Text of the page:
- Written by - filed under Product Education.

Outside the Woodinville Library, in the wooded suburbs of Redmond and Seattle, Washington is an Exploring Garden with two parabolic dishes that could be mistaken for radio antennas.

But watch the children. By now, years after the dishes were first installed, the kids know what to do. One runs to the farthest dish and whispers into it ever so softly. At the second dish another child, or perhaps mom or dad, cocks an ear and hears the message as clearly as if it was spoken in front of them.

These are Goric’s Whisper Dishes. They dramatically demonstrate that sound travels in waves, a discovery first made by Leonardo da Vinci. (Some might argue it was the early Greeks.) Scientifically known as parabolic acoustic mirrors, they operate by collecting sound waves and focusing them to a central point, which amplifies the sound of even a kitten’s purr from yards away.

At Woodinville the Whisper Dishes are part of the library’s Exploring Garden with elements to appeal to each of our five senses. The dishes speak to our sense of hearing.

First time visitors are sometimes bewildered by the two dishes. Among the younger kids, says Pam Hunter, a long time librarian at Woodinville, “It’s hard for them to figure it out.” With a laugh, she added, “And their parents.”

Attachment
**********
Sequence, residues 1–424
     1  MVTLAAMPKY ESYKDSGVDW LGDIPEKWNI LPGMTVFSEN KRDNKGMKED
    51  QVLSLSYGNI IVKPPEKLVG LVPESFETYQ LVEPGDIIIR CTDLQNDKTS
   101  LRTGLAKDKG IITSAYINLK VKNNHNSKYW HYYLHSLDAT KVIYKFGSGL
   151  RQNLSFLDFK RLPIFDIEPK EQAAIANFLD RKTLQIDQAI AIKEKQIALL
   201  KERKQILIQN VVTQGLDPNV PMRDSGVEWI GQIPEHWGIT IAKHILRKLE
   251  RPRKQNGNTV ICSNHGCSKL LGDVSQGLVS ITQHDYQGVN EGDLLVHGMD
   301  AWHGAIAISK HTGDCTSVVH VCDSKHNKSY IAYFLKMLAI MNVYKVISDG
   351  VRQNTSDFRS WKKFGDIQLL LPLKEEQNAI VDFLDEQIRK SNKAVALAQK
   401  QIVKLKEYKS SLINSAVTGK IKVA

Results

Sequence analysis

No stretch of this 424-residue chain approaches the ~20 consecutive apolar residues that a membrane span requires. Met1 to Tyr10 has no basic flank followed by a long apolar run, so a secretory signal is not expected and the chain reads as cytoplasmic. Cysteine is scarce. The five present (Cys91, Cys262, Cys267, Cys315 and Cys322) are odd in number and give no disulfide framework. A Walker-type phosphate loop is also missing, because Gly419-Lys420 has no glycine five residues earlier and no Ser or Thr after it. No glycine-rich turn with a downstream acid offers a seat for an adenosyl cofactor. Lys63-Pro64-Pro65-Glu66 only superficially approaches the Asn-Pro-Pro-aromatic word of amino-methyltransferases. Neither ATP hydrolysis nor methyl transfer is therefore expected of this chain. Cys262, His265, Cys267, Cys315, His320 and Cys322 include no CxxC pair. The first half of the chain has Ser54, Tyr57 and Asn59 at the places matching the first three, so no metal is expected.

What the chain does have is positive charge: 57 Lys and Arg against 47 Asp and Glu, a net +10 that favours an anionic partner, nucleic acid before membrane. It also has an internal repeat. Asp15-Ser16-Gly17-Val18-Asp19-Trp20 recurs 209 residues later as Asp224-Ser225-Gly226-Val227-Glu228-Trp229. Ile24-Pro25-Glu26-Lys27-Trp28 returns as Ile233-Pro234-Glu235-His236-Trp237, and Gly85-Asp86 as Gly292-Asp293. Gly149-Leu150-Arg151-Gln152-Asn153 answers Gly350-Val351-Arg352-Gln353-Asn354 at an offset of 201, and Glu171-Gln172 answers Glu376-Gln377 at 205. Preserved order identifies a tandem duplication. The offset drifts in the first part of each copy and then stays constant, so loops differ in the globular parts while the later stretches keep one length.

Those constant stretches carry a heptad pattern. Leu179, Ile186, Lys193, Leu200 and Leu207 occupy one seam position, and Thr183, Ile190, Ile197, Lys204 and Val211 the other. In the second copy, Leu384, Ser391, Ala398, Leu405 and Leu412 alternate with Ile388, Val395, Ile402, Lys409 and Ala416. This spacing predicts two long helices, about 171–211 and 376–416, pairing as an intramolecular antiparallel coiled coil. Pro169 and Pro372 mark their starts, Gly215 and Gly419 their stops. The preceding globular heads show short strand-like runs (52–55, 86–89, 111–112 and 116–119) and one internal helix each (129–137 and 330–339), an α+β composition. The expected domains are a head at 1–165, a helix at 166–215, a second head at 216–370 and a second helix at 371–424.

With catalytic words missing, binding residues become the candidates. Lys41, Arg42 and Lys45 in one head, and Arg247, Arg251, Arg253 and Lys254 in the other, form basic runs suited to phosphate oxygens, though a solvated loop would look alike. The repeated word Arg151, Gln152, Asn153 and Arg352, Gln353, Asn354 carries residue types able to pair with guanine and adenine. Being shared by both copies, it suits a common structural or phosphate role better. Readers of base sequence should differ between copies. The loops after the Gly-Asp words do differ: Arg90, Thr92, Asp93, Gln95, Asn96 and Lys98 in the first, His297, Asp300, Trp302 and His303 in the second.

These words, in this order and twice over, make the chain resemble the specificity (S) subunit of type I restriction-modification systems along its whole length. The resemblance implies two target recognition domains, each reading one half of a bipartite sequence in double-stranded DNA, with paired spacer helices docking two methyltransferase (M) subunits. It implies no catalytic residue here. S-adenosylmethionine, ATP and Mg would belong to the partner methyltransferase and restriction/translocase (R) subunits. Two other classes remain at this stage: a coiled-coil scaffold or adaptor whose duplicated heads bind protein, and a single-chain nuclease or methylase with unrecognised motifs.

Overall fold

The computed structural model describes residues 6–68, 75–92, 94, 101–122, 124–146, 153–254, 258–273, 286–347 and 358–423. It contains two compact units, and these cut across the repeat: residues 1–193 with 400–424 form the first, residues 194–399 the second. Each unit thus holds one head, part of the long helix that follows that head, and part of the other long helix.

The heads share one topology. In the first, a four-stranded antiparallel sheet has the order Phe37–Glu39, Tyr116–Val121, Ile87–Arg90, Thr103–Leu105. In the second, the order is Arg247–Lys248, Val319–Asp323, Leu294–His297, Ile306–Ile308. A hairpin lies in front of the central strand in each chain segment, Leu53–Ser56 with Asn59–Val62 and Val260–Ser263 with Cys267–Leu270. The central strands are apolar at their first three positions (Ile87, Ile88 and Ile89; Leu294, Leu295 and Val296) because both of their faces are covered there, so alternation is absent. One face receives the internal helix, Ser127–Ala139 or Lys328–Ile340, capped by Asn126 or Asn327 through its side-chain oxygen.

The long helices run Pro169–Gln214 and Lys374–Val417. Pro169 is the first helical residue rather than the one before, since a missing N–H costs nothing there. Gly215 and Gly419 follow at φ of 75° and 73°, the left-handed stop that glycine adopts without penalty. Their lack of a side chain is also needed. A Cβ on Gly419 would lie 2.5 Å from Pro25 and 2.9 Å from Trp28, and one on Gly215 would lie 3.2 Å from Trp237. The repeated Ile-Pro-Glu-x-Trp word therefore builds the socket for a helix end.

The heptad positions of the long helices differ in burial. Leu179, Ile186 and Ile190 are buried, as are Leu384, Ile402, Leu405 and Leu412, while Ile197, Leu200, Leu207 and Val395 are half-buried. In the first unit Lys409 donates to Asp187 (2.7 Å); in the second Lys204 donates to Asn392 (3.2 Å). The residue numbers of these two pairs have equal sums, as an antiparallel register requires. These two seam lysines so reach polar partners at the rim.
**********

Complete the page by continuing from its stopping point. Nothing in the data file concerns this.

It’s rare for a Whisper Dish to be installed at a library. Woodinville is the only one with Goric’s dishes. Most are part of science and children’s museums where they serve a teaching purpose with displays and videos explaining the principles of how they work.

Photo by Pam Hunter

To make learning fun, the dishes are installed in pairs so kids and parents can whisper messages back and forth. However, single unit, hand-held dishes connected to a microphone are used by TV broadcasters to pick up distant sounds like a quarterback calling plays in a football game. You’ll occasionally see them being used for surveillance in police shows and spy movies.

In the 1920s and early 30s, the British experimented with large concrete reflectors to detect the sound of distant aircraft. Many of these still exist. The same physics makes possible the gigantic radio telescopes used by astronomers to detect distant objects and plumb the makeup of the universe. The largest of these is in China and is 1,600 feet across.

Goric’s Whisper Dishes are only slightly more than 6 feet across, yet can pick up a whisper from a companion dish up to 50 feet away.

As the Woodinville Library proves, Goric’s Whisper Dishes aren’t just museum pieces. They enchant visitors of all ages, while helping them discover the amazing science of sound. They make an ideal addition to modern playgrounds, schools and interactive play walks.